Louise Bourgeois, ‘Cultural Tie ("No, No, No") ’, 2000, Alpha 137 Gallery
Louise Bourgeois, ‘Cultural Tie ("No, No, No") ’, 2000, Alpha 137 Gallery
Louise Bourgeois, ‘Cultural Tie ("No, No, No") ’, 2000, Alpha 137 Gallery

This 100% silk tie is embroidery signed 'Louise Bourgeois' on the back. Limited edition of 300. (Numbered on accompanying certificate.) Made in Italy. Excellent condition. No (1)" was created by Louise Bourgeois as her contribution to "Cultural Ties", a series of artist-designed neckties benefiting UNICEF. Bourgeois's necktie design reproduces "No (1)" in red and blue, with the artist's signature embroidered in red thread on the inner lining.

Artist Statement
Louise Bourgeois: "Looking at the word 'no' repeated again and again, Bourgeois said, 'This is the desire to be clear... it is an attempt... it is a wish. I want to say 'no,' but I am a pushover. Obedience is the big word... sometimes I obey, but I am never convinced. I go through the motions because I have been taught to be obedient... but behind this, I never give in. Never giving in makes it hard to learn to forgive... it does not come naturally.'" History:
During a 1973 strike by employees of The Museum of Modern Art, Bourgeois joined in a protest march, carrying a banner on which she had repeatedly painted the word "no." The banner was executed on the back of an untitled painting from 1946-1947 that is now in the collection of the Rijksmuseum Kröller-Müller in Otterlo, Netherlands. The artist stopped work on this print project in 1973 and took it up again in 1992, when she was approached to make a benefit print for Médecins du Monde (Doctors of the World), a French humanitarian organization. "No" was the inspiration for a number of Louise Bourgeois' projects. "No (1)" was also made into a billboard for The Vienna Secession's series, "Projekt Fassade." Located on the landmark Vienna Secession Building, the series uses the building's often-photographed facade as a platform for critical artistic thought and expression.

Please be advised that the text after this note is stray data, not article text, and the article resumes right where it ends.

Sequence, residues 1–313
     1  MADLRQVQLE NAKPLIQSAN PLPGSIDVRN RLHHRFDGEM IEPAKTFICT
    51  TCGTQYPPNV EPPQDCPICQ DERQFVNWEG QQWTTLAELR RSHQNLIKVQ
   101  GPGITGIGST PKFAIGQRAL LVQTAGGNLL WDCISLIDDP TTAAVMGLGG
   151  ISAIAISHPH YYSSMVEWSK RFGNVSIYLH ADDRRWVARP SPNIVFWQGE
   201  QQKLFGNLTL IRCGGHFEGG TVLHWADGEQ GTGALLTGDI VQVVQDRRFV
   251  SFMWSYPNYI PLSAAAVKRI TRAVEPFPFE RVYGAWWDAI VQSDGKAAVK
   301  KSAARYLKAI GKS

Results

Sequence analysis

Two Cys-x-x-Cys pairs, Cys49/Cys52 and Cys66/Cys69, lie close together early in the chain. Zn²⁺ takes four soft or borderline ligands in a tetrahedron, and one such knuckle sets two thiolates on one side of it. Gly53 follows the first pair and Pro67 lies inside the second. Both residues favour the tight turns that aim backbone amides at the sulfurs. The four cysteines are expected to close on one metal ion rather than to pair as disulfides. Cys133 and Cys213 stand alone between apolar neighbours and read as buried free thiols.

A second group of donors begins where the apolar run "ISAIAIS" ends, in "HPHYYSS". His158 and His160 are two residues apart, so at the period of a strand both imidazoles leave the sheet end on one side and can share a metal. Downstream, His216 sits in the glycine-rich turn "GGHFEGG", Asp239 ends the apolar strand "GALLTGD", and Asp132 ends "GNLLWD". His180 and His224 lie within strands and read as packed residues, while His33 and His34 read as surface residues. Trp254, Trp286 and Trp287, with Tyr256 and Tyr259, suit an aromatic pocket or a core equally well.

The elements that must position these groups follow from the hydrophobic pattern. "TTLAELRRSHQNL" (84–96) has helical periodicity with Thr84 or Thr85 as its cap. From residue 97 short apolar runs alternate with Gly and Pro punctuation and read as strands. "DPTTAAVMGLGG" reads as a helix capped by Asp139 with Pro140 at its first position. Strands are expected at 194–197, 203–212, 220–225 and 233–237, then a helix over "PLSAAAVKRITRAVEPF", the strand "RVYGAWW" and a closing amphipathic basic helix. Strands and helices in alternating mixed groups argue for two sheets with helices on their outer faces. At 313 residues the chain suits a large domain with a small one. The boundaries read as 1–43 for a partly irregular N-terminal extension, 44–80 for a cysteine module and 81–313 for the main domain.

Cultural Ties was an exciting and unique fusion of art and fashion. This imaginative global project was the brain child of London art dealer Kapil Jariwala: the brief was for seventy-seven leading artists from around the world to design neck tie mock-ups which were translated into textile format by Como, Italy's Ratti silk factory. A limited edition, only 300 of each tie, were produced and sold worldwide via selected retail outlets, gallery shops and the internet. The project, in association with UNICEF, was supported by Gavin Aldred, owner of the Westzonegalleryspace, where the artwork for the project was exhibited, and Westzone Publishing Ltd. Cultural Ties was organized by the London art dealer Kapil Jariwala to benefit UNICEF's clean water program. Other artists who participated in the series include Peter Blake, Alex Katz, and Yayoi Kusama.

"Art and fashion have come together for Cultural Ties, a project that aims to raise $1m (about pounds 700,000) for Unicef's clean-water campaign. Artists such as the Chapman Brothers, Jeff Koons and Louise Bourgeois have each come up with a unique design for a necktie, and these have been produced in a limited-edition of 300 by Versace's tie-maker. This wearable art will go on display at London's Jariwala Westzone gallery and via www.culturalties.com. The pounds 250 price tag might not be cheap, but it's for a good cause."
-- Independent, The (London), November 12, 2000

Signature: Embroidery signed 'Louise Bourgeois", accompanied by a Certificate stating the number, from the limited edition of 300 (no box)

Manufacturer: Ratti, Inc. Italy

The Independent, London & other publications

Cultural Ties

About Louise Bourgeois

Beginning her artistic practice in her native Paris, Louise Bourgeois was originally associated with Surrealism due to her integration of fantastic elements into her prints and sculptures. Upon moving to New York in 1938, Bourgeois focused primarily on sculpture, crafting biomorphic forms that curator Lucy Lippard has described as enacting the physicality of the body as experienced from within. Bourgeois’s suggestive organ-like contours and early use of unconventional materials (like resin, latex, and cloth) allude to a tension between quintessentially male and female forms. This recurrent interrogation of the male/female dialectic aligns Bourgeois with the Feminist movement, but her work has also been examined through the lens of Abstract Expressionism, as she exhibited with artists such as Robert Motherwell, Jackson Pollock, and Mark Rothko.

French-American, 1911-2010, Paris, France, based in New York & Paris